Your gums may be sensitive with braces. Hyperplasia or hypertrophy can cause gums to grow larger in reaction to the metal brackets and wires. Gums will often return to normal once orthodontic treatment is completed and your braces are removed. 

The pressure of chewing firm foods causes gums to become more irritated and painful. Avoid hard and crunchy foods, such as raw vegetables and popcorn. Habits such as chewing a pen, biting nails, or pressing your tongue against your teeth can all add discomfort, as well. 

To mitigate the effects of swollen, inflamed gums, you can try these basic steps: 

  • Use an electric toothbrush with an orthodontic head for more thorough cleaning. 
  • Try a water flosser to remove debris and bacteria between teeth. 
  • Floss threader and interproximal brushes can clean under and around wires more effectively than a toothbrush. 
  • Ask if a mouthwash containing fluoride or antimicrobial is advised. 
  • Rinse your mouth with warm water containing a pinch of salt to soothe inflammation. 
  • Avoid alcohol and tobacco, which increase irritation. 

If gum irritation persists, contact our office for a consultation. We will check to see whether there may be another cause for your inflammation and will advise you on the next steps.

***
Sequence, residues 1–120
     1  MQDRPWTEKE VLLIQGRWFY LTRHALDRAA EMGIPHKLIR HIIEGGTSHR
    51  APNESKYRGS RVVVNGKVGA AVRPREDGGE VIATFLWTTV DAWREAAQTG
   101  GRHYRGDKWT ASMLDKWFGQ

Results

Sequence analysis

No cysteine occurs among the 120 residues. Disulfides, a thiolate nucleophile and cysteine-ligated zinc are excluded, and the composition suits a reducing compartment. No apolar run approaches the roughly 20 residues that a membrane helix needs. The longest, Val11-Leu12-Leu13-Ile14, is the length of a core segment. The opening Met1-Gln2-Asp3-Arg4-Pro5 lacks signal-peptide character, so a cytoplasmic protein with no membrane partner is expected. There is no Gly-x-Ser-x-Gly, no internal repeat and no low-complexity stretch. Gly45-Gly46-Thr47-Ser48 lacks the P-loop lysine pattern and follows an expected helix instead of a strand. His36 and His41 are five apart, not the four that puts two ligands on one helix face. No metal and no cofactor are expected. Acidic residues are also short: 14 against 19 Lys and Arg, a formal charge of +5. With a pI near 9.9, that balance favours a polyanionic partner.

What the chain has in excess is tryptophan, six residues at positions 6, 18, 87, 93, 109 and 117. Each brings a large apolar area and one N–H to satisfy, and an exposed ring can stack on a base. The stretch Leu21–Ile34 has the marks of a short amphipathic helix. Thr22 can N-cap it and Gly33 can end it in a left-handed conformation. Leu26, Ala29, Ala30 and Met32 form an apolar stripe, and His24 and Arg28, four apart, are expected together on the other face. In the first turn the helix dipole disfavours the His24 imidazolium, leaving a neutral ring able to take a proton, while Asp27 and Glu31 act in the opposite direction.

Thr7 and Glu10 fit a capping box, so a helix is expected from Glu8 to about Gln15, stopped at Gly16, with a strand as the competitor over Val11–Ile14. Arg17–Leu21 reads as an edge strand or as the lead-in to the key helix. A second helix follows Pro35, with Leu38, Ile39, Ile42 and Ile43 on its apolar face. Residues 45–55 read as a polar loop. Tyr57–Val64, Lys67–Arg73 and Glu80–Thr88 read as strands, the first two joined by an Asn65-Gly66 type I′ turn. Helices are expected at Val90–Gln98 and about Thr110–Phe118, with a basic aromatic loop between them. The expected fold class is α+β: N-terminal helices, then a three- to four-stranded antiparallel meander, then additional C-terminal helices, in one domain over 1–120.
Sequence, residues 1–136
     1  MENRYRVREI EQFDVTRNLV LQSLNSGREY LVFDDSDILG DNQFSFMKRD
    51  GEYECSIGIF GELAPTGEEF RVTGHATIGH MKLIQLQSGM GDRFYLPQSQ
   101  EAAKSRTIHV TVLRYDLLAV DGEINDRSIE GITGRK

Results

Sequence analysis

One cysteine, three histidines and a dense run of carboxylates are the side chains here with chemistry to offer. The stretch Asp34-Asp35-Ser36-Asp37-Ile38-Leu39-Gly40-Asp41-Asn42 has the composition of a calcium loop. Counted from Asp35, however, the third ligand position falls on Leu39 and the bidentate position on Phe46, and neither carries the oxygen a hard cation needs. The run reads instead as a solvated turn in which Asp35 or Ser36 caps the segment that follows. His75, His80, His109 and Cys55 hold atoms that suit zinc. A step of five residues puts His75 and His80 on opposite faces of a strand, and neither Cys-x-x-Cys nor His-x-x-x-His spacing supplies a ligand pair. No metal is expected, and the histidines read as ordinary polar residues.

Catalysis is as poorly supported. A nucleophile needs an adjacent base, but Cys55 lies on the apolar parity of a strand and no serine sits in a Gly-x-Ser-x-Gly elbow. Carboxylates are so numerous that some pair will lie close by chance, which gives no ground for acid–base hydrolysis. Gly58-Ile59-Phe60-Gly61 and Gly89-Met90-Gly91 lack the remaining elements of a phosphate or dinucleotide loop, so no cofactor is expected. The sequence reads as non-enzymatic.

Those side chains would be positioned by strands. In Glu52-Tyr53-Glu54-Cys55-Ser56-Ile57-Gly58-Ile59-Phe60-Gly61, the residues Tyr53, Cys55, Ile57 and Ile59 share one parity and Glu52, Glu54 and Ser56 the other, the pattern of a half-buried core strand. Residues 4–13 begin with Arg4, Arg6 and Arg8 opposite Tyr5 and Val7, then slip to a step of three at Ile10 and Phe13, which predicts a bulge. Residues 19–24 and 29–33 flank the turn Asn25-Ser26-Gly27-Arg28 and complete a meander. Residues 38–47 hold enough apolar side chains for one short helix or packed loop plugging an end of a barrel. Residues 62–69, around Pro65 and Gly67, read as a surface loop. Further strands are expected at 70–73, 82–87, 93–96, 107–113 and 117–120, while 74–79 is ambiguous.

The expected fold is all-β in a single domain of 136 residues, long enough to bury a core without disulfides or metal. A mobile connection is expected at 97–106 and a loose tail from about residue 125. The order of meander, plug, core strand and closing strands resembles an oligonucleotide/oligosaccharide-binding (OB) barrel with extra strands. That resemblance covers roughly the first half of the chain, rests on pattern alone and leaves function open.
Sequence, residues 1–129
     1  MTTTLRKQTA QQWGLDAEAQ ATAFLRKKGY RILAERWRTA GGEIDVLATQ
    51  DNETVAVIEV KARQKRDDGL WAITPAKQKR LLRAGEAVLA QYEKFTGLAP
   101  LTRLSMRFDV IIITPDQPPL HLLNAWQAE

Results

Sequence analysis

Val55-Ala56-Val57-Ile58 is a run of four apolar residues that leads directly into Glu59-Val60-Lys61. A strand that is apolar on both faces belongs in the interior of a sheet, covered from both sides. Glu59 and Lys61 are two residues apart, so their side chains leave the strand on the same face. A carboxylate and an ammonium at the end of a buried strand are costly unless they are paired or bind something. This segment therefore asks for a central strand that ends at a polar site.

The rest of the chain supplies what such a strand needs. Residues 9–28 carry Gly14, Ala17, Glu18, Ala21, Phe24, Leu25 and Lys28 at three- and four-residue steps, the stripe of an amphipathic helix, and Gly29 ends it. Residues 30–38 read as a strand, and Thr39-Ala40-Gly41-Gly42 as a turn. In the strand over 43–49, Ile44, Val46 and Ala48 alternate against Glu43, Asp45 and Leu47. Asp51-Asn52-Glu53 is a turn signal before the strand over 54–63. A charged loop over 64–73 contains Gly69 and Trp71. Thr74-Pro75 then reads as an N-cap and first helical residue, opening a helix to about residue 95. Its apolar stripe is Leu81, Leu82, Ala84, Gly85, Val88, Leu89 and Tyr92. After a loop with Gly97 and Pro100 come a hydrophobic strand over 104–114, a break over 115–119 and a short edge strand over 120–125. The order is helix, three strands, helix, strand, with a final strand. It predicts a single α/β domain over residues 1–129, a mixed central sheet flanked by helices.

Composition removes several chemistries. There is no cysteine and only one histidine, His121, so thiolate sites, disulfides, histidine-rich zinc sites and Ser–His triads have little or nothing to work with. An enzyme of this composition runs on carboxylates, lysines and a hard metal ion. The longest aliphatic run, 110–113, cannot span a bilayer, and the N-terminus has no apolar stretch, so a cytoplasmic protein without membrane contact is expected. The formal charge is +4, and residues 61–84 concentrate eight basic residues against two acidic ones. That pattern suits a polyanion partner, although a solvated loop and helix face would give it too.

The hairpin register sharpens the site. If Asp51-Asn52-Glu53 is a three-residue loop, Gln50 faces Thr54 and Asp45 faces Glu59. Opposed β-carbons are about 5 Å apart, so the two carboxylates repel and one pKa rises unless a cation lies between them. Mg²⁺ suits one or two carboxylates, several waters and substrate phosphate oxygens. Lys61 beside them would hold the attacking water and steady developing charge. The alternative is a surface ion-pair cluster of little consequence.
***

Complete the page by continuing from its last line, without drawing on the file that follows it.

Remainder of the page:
To schedule a visit, please contact our team. 

Portage MI Dentist | Health Alert: The Downsides of Crooked Teeth

If you have crooked teeth, you may already be looking into orthodontic solutions to improve your smile. However, did you know straightening your teeth can have benefits beyond increased confidence? 

Many people may not realize it, but your oral health plays a large role in your body’s overall health. Poor oral health can put you at a much higher risk of stroke, heart disease, illness, miscarriages, and more. Crooked teeth can impede your ability to take proper care of your mouth, putting you at an increased risk of any number of ailments. Below are some of the most common issues exacerbated by crooked teeth. If you are experiencing any of these issues, contact our office today to see how orthodontic care can offer relief. 

Gum Disease